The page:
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1879 - 1901
1901 - 1911
1911 - 1919
1919 - 1938
1938 - 1945
1945 - 1964

 
Gustav Klimt
Alexander Zemlinsky
Gustav Mahler
Walter Gropius
Dr. Paul Kammerer
Oskar Kokoschka
Franz Werfel
Johannes Hollnsteiner

Alma the composer
Kokoschka's Alma portraits

Alma Fetish

The Puppet
Reserl (Chamber Maid)
 
Emil Jakob Schindler, father
Anna von Bergen, mother
Carl Moll, stepfather
Anna Mahler, daughter
Maria Anna Mahler, daughter
Manon Gropius, daughter
Martin Carl Johannes, son
 
Berta Zuckerkandl
Max Burckhard
Bruno Walter
Sigmund Freud
Gerhart Hauptmann
Lili Leiser
Hanns Martin Elster
August Hess
Georg Moenius
  Alma & Venice
Alma & Lisbon
Alma & Los Angeles
Alma & Jerusalem
Alma & New York
 

The Silent Woman Part 1

On March 25, I9I9 Alma wrote in her diary about a meeting with Baron Victor von Dirsztay who had come to her on Kokoschka’s behalf to tell her that the artist still loved her and wanted to "re-establish some kind of human contact" with her. Dirsztay was of the opinion that she awed it to Germany's greatest artist (Kokoschka now had a chair at the Kunstakademie in Dresden). Although it was true that he was currently living with another woman, he could only paint Alma and however often he set out to the other woman still it always turned into a picture of Alma. Even if this remark has to be treated with some reservation, some of Kokoschka’s figures bear a clear resemblance to Alma Mahler. And this was not entirely subconscious because Kokoschka was still trying to come to terms with their separation and now even in a somewhat dubious manner.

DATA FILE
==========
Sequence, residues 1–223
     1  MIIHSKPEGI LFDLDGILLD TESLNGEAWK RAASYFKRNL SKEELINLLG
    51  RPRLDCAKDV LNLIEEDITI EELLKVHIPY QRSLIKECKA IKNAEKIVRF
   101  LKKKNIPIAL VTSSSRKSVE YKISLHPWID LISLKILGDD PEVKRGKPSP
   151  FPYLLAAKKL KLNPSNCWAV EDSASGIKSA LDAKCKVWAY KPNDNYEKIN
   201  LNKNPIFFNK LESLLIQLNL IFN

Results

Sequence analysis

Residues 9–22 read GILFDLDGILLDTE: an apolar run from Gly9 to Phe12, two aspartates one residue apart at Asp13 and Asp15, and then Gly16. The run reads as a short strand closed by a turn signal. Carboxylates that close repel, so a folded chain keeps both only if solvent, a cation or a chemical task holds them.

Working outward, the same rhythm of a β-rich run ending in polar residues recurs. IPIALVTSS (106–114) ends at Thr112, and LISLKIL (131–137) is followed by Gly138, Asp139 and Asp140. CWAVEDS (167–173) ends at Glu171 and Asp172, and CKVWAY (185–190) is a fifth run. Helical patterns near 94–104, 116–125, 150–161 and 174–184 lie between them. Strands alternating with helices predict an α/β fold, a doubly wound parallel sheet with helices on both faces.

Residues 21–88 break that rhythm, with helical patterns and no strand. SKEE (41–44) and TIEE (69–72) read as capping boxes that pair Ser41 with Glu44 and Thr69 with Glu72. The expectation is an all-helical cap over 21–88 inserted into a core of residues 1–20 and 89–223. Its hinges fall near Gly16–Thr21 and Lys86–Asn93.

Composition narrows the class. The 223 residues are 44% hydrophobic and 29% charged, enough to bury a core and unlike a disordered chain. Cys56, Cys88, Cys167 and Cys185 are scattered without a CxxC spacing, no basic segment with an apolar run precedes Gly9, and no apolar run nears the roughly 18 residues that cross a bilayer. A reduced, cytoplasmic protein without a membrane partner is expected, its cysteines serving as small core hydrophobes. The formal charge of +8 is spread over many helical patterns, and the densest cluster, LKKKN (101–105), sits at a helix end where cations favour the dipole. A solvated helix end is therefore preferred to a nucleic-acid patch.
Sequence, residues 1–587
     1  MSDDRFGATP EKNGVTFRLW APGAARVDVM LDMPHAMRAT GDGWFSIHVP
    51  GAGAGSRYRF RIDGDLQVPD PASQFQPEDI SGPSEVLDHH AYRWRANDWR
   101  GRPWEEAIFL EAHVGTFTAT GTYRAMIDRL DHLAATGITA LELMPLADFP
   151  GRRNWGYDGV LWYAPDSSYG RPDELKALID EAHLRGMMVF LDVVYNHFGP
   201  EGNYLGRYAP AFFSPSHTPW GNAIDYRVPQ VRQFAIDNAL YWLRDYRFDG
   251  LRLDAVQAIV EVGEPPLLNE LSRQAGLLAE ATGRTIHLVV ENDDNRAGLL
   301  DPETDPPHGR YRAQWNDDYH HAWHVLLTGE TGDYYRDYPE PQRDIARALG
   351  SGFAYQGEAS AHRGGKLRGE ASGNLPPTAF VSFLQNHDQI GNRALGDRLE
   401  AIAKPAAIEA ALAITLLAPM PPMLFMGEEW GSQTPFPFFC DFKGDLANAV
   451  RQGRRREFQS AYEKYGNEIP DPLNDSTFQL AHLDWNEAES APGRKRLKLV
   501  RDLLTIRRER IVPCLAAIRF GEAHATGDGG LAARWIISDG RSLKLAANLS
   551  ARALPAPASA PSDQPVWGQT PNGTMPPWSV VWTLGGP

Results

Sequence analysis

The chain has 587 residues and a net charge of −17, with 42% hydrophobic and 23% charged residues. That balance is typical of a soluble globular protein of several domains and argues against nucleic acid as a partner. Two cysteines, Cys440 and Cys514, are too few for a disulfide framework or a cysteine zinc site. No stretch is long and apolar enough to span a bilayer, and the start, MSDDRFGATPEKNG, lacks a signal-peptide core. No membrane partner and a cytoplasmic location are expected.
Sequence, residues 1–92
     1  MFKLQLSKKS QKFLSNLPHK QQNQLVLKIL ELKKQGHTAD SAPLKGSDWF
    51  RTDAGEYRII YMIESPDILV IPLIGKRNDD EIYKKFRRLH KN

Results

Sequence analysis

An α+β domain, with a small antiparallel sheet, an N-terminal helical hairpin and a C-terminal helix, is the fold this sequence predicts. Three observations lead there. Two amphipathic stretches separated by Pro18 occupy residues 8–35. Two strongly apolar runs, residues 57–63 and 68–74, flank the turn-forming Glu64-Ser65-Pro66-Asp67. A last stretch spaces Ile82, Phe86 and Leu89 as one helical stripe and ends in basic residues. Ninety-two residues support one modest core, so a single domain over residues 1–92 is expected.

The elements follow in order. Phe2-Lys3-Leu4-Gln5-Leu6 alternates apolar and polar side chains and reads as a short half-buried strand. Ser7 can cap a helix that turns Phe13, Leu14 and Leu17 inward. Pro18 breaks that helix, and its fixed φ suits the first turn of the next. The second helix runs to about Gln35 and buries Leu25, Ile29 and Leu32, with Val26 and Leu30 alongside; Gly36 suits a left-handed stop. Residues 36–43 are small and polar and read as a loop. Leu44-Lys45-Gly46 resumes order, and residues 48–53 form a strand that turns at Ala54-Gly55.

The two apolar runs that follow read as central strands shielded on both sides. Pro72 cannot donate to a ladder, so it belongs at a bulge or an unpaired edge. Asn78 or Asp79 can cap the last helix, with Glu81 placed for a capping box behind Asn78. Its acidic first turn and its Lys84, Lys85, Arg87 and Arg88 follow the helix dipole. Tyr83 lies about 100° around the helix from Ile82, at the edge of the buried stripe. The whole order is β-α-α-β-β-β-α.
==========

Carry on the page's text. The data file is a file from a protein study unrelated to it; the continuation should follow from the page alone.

In fact as early as July I9I8 he ordered a life-size doll from the Munich doll-maker Hermine Moos as a substitute for his lost love. It was to be made to look exactly like Alma Mahler. On July 22 he already returned a model of the head, having checked it and made suggestions as to how the work should proceed.

“I am very curious to see how the stuffing works. On my drawing I have broadly indicated the flat areas, the incipient hollows and wrinkles that are important to me, will the skin - I am really extremely impatient to find out what that will be like and how its texture will vary according to the nature of the part of the body it belongs to - make the whole thing richer, tenderer, more human? Take as your ideal... Rubens' pictures of his wife, for example the two where she is shown as a young woman with her children. If you are able to carry out this task as I would wish, to deceive me with such magic that when I see it and touch it imagine that I have the woman of my dreams in front of me, then dear Fräulein Moos, I will be eternally indebted to your skills of invention and your womanly sensitivity as you may already have deduced from the discussion we had."

Numerous drawings of details served to assist the doll-maker in her work. In addition to this, Kokoschka painted from memory a life-size oil sketch of his erstwhile lover based on her "actual measurements" to give an idea of how the end result should look. And on August 20, I9I8 he wrote to Hermine Moos "Please make it possible that my sense of touch will be able to take pleasure in those parts where the layers of fat and muscle suddenly give way to a sinuous covering of skin".

The doll was not finished until the second half of February 1919. On February 22 Kokoschka asked to have the doll sent to him. The ensuing disappointment was huge. The doll could scarcely fulfil Kokoschka’s erotic and sexual desires and in the end became no more than a kind of still-life model. The artist then took the place of the unhappy lover and by means of a painterly (and graphic) metamorphosis of the doll he breathed new life into Alma as a “figure of art”.

Kokoschka’s attempts to animate the lifeless object and to ignore its obvious inadequacies produced a total of approximately thirty surviving pen and ink drawings of the doll.

These can be divided into three groups: The doll sitting in a chair, lying on a sofa, or with a dog or a rabbit. One of the most striking and immediate examples of Kokoschka’s obsession, however, is a painting that he made in Dresden in June I9I9, showing the Alma-doll, dressed in blue, on the sofa. In I922 the artist returned to the image of the doll just one last time, although by now it had already been destroyed.

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